Worst and Best Practices in International Aid

Food aid remains a predominant foreign aid intervention though its detrimental long-term effects are well known. This Studio explores damaging yet widespread programs, purportedly undertaken with the aim of helping disadvantaged people or disaster victims but which do more harm than good. Whether it’s governmental or inter-governmental aid where politics and commerce are the prime motivators, or social enterprise and Corporate Social Responsibility programs where profit is the chief imperative, to well-intentioned but naive amateur clothing and food donation drives – the pervasiveness of such bad practice demands focused attention and action to counter the ignorance surrounding these efforts, and turn worst into better practice.

Students went to Nairobi, Kenya. Learn about their experience!

“While it can be fun to criticize efforts that are Worst Practice, the point of the Studio is to design alternative Best Practice interventions that have long term benefits.”
Mark Johnson
Faculty Supervisor

Each Studio participant chooses an intervention, researches its detriments and benefits, and then designs an alternative model that supports long-term systemic change, as opposed to short-term band-aid solutions. While Worst Practice serves as an entry point to these issues, the Studio in fact focuses on Better Practice.  

Our work and results are posted on this webpage (see below) to publicize the work and conduct advocacy. Field work opportunities include the Ethiopia IFP (See “Second-Hand Clothing” below).

Better Practice, Aid, Development, Economics, Micro-Macro Paradox, Social Enterprise and Corporate Social Responsibility, Charity, Altruism and Egoism.

Potential programs to explore: You may have your own specific intervention that you are interested in, or choose one from below –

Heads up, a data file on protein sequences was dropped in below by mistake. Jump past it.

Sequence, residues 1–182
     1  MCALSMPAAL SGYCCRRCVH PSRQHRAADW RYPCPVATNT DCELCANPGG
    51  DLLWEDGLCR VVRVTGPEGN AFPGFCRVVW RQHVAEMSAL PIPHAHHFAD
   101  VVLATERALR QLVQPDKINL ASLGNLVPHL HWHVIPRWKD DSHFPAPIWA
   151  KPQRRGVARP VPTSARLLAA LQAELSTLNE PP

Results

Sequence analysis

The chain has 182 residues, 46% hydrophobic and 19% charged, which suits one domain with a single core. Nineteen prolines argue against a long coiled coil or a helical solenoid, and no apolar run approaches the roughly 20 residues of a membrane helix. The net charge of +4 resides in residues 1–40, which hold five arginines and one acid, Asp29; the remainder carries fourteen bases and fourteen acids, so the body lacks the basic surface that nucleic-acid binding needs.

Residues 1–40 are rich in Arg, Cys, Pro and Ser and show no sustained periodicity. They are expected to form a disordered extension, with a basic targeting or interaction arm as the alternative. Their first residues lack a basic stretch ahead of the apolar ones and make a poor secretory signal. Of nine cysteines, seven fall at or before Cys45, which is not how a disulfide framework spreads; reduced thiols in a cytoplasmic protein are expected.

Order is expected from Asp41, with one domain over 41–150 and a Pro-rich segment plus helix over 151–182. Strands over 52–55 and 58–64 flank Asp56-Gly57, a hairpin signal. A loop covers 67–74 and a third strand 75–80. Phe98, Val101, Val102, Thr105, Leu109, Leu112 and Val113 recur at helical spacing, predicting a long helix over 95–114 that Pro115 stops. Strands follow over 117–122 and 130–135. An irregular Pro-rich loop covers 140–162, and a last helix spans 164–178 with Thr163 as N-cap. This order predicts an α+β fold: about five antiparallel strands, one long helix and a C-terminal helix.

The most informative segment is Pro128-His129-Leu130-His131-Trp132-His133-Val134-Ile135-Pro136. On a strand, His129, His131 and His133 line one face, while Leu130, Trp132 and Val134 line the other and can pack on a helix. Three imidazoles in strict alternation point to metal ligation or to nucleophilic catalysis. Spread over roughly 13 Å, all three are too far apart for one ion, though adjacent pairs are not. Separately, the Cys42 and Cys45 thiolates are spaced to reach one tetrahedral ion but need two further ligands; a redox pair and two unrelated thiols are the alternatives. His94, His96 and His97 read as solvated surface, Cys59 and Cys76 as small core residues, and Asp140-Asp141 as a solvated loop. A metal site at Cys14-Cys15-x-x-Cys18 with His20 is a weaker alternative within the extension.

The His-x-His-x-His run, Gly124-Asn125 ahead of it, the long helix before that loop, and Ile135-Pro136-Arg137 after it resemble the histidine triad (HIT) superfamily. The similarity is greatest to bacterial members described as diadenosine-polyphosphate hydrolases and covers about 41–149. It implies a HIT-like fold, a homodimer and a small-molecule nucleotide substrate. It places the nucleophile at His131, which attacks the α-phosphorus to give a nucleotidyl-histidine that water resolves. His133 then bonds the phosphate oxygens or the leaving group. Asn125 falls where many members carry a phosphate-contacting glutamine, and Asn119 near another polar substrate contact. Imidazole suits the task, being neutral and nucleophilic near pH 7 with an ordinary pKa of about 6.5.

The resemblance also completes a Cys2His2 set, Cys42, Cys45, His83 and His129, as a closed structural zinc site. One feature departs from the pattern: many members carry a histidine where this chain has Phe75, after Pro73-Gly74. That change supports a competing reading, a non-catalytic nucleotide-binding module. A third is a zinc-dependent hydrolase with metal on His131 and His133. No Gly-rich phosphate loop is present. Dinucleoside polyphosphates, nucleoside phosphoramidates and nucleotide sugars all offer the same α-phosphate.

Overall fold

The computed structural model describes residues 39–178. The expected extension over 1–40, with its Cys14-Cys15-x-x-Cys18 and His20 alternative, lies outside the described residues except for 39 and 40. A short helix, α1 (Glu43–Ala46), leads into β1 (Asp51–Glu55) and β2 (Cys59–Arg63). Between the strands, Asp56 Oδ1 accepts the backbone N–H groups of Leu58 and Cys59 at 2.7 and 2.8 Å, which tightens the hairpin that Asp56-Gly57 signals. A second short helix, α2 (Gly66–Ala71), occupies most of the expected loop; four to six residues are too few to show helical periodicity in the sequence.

• Giveaways that are Takeaways – Used clothing, books, toys, sports equipment, malaria nets, food aid, etc. shipped from U.S. to recipient countries that harms local manufacturing and commerce

  • Disaster donation drives, e.g. hurricane relief

  • Consumer “Buy-One-Give-Ones,” e.g. TOMS Shoes

  • “Greenwashing” or CSR programs. Is CSR motivated by doing good or is it a bottom-line investment from which the company’s positive image pays off in profits.

  • “Would you like to add $1 to your checkout charge to save the world?”

  • Voluntourism

  • Misery Tourism – Poverty tours, slum tours, war tours, etc.

  • Unicef programs – Trick-or-Treat for Unicef, School-in-a-Box

  • The non-localization of international aid

  • Charity aid, e.g. LiveAid or Walkathon fundraisers as funding model

  • Sectarian aid, e.g. Mother Teresa’s Missionaries of Charity

  • Cash transfers, conditional v unconditional; cash “hand-outs” versus in-kind 

Click below to see past student projects. Throughout the course of the Studio, students engaged in a number of topics and projects ranging from developing a course on fast fashion to slum tourism. 

Combining travel with volunteer service for a needy organization seems like a win-win for everyone, but is in fact fraught with hazards. Can this practice, largely derided as worst practice, be done in a responsible and productive way?

What easier way to promote charity than to buy a product that supports social enterprise? That “do good while you shop” tag on a consumer item boosts sales, but does it actually support the social good? The short answer: we don’t know, due to a lack of corporate transparency.